This paper describes the first operational four-year combined family medicine/internal medicine residency designed to qualify residents for board examination in both disciplines, which began at Eastern Virginia Medical School in 1995. The authors describe key program features, including their block rotation schedule, interdisciplinary ambulatory precepting, and plans for achieving 50% ambulatory training experience, as well as their difficulties in implementing a collaborative core didactic experience. The authors present faculty survey data indicating that internal medicine faculty members are more likely to view the combined residency as a resource, while family medicine faculty members would like to concentrate on the categorical residency. A recent survey of combined residents indicates that they are satisfied with their choice of combined training and optimistic about the opportunity of garnering additional skills relative to their internal medicine and family medicine counterparts. The authors suggest that successfully implementing this interdisciplinary effort requires an atmosphere of mutual respect and an effort to find opportunities to positively affect the training experiences of both combined residents and their resident partners in family medicine and internal medicine.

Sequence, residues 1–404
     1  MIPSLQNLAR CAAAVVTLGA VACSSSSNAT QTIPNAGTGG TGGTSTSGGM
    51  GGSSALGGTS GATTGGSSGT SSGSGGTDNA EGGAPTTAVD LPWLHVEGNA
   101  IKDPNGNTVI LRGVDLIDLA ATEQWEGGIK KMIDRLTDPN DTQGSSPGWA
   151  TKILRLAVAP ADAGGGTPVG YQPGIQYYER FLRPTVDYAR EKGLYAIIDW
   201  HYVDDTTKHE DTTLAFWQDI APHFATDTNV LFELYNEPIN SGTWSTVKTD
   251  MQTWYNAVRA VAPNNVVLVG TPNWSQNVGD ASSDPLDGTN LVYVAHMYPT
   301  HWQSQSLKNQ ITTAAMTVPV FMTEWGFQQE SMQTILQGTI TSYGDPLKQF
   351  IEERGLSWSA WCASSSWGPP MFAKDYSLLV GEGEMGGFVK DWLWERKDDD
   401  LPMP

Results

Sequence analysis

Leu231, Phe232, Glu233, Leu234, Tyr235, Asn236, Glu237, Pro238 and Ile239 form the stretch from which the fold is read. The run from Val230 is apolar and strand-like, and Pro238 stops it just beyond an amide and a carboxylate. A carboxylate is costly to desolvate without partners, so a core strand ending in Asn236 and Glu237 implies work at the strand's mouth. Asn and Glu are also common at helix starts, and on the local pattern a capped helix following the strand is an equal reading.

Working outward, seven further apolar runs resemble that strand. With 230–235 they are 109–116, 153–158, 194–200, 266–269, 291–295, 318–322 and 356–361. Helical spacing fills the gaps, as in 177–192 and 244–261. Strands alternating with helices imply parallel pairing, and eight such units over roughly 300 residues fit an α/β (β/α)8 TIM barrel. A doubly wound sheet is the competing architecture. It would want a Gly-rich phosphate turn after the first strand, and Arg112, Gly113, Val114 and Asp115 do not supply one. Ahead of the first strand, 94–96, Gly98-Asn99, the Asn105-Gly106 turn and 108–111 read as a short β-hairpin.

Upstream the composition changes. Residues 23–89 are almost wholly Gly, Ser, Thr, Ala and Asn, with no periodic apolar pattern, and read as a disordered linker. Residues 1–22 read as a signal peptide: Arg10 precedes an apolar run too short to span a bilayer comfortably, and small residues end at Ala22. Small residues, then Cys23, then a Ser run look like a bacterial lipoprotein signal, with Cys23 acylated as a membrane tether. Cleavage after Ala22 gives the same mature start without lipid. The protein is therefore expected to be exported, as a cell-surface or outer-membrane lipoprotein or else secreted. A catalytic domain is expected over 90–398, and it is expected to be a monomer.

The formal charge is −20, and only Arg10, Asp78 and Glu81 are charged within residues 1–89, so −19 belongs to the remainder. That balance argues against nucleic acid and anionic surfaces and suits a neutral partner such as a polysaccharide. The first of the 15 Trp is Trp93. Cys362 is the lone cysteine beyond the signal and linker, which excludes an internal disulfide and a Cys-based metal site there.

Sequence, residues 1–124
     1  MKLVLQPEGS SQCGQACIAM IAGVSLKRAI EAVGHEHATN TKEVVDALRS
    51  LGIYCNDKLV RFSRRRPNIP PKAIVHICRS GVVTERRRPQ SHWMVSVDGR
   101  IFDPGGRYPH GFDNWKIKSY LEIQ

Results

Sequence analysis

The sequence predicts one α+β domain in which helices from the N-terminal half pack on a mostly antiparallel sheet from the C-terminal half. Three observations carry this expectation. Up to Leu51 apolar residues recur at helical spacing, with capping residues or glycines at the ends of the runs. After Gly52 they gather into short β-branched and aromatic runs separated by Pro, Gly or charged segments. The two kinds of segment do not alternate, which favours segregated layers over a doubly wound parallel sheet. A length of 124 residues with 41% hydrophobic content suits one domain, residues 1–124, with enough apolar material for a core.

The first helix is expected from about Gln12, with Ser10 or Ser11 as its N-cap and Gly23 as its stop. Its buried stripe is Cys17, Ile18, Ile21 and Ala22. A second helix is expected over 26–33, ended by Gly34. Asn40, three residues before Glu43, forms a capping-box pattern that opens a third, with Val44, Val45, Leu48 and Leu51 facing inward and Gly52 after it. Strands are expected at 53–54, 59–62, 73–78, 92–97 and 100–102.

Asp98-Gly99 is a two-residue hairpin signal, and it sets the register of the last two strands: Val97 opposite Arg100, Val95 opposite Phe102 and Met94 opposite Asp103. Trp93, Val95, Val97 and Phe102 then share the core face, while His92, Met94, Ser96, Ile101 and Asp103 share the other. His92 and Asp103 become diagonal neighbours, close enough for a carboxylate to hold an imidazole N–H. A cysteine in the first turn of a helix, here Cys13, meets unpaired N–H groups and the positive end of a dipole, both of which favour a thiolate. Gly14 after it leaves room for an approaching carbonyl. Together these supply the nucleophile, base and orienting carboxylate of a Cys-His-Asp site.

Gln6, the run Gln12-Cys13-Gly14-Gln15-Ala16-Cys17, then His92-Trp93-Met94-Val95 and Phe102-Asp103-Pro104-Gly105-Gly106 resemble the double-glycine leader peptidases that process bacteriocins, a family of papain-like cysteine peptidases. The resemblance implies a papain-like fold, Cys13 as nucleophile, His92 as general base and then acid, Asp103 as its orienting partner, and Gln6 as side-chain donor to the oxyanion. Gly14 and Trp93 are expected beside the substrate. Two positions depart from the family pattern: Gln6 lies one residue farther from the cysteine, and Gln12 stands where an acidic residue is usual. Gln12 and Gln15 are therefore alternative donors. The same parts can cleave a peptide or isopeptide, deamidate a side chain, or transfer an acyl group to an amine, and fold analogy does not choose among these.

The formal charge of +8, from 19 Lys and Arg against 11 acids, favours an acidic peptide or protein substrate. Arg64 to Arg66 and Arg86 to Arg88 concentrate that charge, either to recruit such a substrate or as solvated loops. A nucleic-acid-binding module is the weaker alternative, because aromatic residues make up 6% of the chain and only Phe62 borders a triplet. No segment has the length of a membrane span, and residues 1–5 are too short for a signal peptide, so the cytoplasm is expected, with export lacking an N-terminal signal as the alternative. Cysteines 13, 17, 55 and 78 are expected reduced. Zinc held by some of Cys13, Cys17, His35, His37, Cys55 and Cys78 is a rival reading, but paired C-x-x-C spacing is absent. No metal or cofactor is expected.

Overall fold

(C) 1999 Association of American Medical Colleges